Annette Berlin Plus Friends @ Cafe Kino, Bristol 21.07.12

Cafe Kino plays host to popular Bristol night 'Plug 58'

Jul 21st, 2012 at Cafe Kino, Bristol / By Cloudrunner
Annette Berlin Plus Friends @ Cafe Kino, Bristol 21.07.12 With the centre of Bristol teeming with Harbour Festival attendees, Saturday night in Stokes Croft becomes a much more peaceful affair than normal. One has to laugh, when the hordes fenced into a once picturesque Queen Square by a ring of sausage stalls are unaware that for the price of a single sausage, or a spoonful of Thai green curry (with potato in?!) they could be sat in the company of well-informed and smiling intellectual types, witnessing a world class line-up. A line-up constructed with care, performing feet in front of you, a good quality beverage in your hand, a feeling of belonging . . .

The announcement of Jess Marlowe’s cancellation due to illness was a blow, but a blow softened by our host Rasha Shaheen’s simply stunning choice of other acts. Tamer Abu Ghazaleh sings songs of human experience (full spectrum); his voice is pure and powerful, and fairly easy to understand, despite the language barrier. He accompanies himself with some calming and captivating oud playing, and is accompanied, in turn, by two of his regular ensemble, Khaled Omran, who is a ultra-precise, and yet very expressive bass player, and Khyam Allami, who rivals his rhythmic counterpart in both departments. One could get lost in the sounds produced by any one of these three maestros, as a trio they lift hearts with their brand of New Arabic dance and rock tinged alt-folk. It’s inspirational stuff that would have you transported to these not-so-far-off lands, or at least be longing to visit them, to travel, to move . . . When Allami threads in some digital effects there’s not a static limb in the house.

Maurice Louca (who resides on the 100 copies label) sometimes plays as part of the Alif Ensemble (featuring Ghazaleh, Omran, and Allami; signed to Nawa Recordings/Eka3), and that must be an extraordinary thing. When performing solo it is the sheer depth of his electronic ramblings that grabs you by the brainstem, never letting go ‘til the applause breaks. Imagine, if you would, a DJ spinning five perfectly synced records at a time, for Louca has all the focus and skill of such a thing, as his fingers flit about his table of gadgets, working the keys, buttons and dials, and turning the condensed wave files and baby electrical charges into a dense audible undergrowth, rich with life. On the surface it's a place of ordinary mystery, deep inside though, it’s a veritable ecosystem . . . intense, peaceful, melodic, and quite beautiful.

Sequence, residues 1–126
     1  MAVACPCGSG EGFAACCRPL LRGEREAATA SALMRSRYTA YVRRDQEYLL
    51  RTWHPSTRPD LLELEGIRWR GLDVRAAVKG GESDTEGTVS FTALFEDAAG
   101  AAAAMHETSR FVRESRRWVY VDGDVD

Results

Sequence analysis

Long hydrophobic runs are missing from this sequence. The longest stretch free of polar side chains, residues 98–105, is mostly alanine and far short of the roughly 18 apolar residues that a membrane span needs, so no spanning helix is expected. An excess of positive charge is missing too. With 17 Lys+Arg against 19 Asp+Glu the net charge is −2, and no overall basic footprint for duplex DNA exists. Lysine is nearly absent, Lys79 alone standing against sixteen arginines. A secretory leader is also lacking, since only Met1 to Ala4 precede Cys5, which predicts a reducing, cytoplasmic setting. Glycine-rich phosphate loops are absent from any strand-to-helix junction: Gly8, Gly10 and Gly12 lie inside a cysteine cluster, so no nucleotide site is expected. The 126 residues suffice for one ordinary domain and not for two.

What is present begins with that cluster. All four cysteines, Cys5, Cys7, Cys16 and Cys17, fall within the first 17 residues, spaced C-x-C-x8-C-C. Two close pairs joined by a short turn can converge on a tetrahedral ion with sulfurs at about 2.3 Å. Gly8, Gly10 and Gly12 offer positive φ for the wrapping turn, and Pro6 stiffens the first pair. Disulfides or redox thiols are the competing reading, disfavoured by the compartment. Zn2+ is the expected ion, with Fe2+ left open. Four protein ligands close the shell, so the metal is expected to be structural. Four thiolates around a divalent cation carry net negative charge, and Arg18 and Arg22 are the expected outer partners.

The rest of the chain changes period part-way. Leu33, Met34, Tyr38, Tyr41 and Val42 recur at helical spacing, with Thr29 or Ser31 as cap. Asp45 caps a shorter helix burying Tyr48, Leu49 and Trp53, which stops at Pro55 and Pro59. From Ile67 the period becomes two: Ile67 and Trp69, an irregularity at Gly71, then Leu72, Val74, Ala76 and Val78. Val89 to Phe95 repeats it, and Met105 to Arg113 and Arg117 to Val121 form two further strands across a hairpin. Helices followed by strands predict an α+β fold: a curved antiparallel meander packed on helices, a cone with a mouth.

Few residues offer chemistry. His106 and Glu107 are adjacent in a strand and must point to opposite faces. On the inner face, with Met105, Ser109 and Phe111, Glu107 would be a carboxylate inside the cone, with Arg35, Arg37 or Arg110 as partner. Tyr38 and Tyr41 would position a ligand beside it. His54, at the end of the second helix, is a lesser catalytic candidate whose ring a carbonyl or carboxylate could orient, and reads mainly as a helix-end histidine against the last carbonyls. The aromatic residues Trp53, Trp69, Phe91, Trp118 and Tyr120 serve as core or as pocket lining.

Grabbing the headline slot, but sharing equal billing with tonight’s other performers, is Annette Berlin, who shares the stage with her Big Joan bandmate, drummer, Keith Hall. Berlin plays with the standard punk rock electric guitar formula, offering some interesting chord shapes, and back of the beat languor, which balances perfectly with her dog-at-the-throat, refined and harmonious howl, that softens occasionally to something much sweeter, and equally effortless. Hall too, shifts from standard (though extremely well played) patterns to original and eye-bulging fills, and pure rhythmic dynamism. Aspiring drummers could do worse than watching his wrists at work for an hour or two, for therein lies the secret. Berlin’s songs are simple and always catchy, and tonight her broken distortion pedal even becomes a charming addition to an exquisitely raw set, that contrasts superbly with the previous acts and rounds off this highly eclectic evening with a fiery crash, one that leaves a warm glow in the belly; most magical, and brilliant at every moment.